Outrage over Soon's behavior soon prompted members of both House and Senate to issue letters demanding funding information from other climate-change skeptic and scientists. That, in turn, prompted push-back from both the targeted academics and universities, asserting that the demands for emails by Congress were an unwarranted infringement of academic freedom. Conservatives piled on, crying "witch hunt." One of the requesters, Rep. Raúl Grijalva (D-NM), eventually walked back his request, saying he had over-reached.

The Union of Concerned Scientists in February 2015 published a report titled, "Freedom to Bully: How Laws Intended to Free Information Are Used to Harass Researchers." That report cited many more cases where records and email requests, often under FOIA, had been used to cripple or embarrass scientists in many research areas (not just climate). The report, issued by UCS' Center for Science and Democracy, said that while FOIA was essential to democracy, its abuse was "a problem that cuts across disciplines — and ideologies."

SEJ and the WatchDog have joined with UCS a number of times in the past on FOI issues — most recently on the muzzling of EPA science advisors in communications with the news media. SEJ has not yet taken any position on the specific issue of emails.


GMO Emails Flap

All the controversy only flared higher when it came out in February 2015 that an anti-GMO group had in January made an open-records request for emails from some 14 scientists at four universities, looking for correspondence with GMO-industry companies like Monsanto. The group, U.S. Right to Know (US-RTK), had been battling the multimillion-dollar campaign by major food industry groups to oppose GMO-labelling bills and ballot measures in various states. That group's director, Gary Ruskin, was a panelist at SEJ's October 9 plenary.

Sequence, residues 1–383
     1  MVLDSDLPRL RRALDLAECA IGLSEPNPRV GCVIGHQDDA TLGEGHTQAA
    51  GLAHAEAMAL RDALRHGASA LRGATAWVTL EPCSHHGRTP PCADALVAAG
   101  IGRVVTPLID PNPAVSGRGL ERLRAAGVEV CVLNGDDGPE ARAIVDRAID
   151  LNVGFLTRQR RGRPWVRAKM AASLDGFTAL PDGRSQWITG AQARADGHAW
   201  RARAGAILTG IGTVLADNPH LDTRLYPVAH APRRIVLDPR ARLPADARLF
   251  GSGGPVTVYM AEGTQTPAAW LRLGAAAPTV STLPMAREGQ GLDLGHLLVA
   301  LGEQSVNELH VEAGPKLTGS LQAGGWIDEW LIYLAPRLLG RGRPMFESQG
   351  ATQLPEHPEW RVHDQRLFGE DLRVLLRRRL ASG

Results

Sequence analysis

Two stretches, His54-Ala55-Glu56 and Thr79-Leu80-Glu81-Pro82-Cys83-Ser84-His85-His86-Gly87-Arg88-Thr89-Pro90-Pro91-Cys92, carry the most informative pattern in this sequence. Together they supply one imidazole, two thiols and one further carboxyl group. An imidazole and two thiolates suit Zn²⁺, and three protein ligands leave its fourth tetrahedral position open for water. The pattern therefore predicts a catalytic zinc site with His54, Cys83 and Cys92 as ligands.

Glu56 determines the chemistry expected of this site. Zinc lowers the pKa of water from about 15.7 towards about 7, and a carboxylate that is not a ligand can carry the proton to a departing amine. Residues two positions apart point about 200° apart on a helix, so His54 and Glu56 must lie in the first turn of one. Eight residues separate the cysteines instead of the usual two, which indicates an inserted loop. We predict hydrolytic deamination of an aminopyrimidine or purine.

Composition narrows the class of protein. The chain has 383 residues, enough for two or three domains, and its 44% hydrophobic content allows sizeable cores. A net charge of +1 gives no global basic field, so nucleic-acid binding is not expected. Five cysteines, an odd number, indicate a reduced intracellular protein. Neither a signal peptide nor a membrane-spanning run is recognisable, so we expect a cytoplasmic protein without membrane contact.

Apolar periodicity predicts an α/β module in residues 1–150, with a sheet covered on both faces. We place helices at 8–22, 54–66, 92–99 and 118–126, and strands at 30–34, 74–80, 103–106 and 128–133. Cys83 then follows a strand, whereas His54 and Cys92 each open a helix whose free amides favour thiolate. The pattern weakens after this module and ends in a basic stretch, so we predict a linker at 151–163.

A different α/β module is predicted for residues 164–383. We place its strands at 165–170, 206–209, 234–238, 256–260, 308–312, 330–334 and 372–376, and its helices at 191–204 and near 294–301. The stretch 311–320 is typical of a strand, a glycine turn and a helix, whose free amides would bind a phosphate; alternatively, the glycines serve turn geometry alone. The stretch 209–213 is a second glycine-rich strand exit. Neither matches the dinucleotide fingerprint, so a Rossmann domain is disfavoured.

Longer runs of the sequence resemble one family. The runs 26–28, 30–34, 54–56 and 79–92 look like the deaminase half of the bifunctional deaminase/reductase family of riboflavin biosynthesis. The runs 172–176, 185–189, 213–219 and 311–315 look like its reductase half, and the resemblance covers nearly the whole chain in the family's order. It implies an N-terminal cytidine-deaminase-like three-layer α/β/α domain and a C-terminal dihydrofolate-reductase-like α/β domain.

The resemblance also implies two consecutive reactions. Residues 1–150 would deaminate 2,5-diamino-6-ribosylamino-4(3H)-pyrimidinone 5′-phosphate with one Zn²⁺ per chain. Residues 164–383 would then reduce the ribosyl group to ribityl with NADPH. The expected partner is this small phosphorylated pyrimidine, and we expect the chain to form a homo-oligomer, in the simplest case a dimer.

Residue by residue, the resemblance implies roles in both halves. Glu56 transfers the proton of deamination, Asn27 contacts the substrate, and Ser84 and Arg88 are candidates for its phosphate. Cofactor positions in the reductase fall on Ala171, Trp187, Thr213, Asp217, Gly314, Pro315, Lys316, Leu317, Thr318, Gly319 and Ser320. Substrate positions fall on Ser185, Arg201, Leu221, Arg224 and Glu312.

That move was chronicled by Keith Kloor in the AAAS Science magazine blog Science Insider in a February 11 post. Kloor had been outspoken elsewhere about the weakness of scientific evidence that GMO foods might be unhealthful to eat. He had called those in the pro-labeling movement concerned about health effects "the climate skeptics of the left." Kloor's writing had included criticism of how journalists covered the GMO debate.

The controversy grew. US-RTK expanded its FOI requests to include emails from some 40 researchers, and the push-back from researchers began to get coverage. Kloor chronicled some of the developments in another article August 6, this one in the news pages of the prestigious science journal Nature.

By this time, University of Florida-Gainesville researcher Kevin Folta had come into focus publicly as one subject of the email inquiry. Folta is a plant scientist and public advocate of GMOs. Records given by the university to US-RTK "do not suggest scientific wrongdoing ... but they do reveal his close ties" to GMO giant Monsanto, Kloor reported.

"He adds that he has never accepted honoraria for outreach work," Kloor went on, "and that the University of Florida does not require him to disclose travel reimbursements. But the emails show that Folta did receive an unrestricted US$25,000 grant last year from Monsanto, which noted that the money 'may be used at your discretion in support of your research and outreach projects'."

Kloor's piece was followed on August 13 by a post on the PLoS blog PLOS Biologue, by hard-digging environmental investigative reporter Paul Thacker and NYU journalism professor Charles Seife. They decried a "backlash against transparency" and said that the UCS had gone too far in objecting to the use of FOIA requests as a harassing tactic. Thacker and Seife cited a number of examples where emails had revealed real problems with the integrity of research. "Requests under FOIA for personal correspondence are not just appropriate, but crucial to ensuring transparency," the authors wrote. They acknowledged that information requests were sometimes misused, but argued that the benefits of transparency, in the end, outweigh the costs.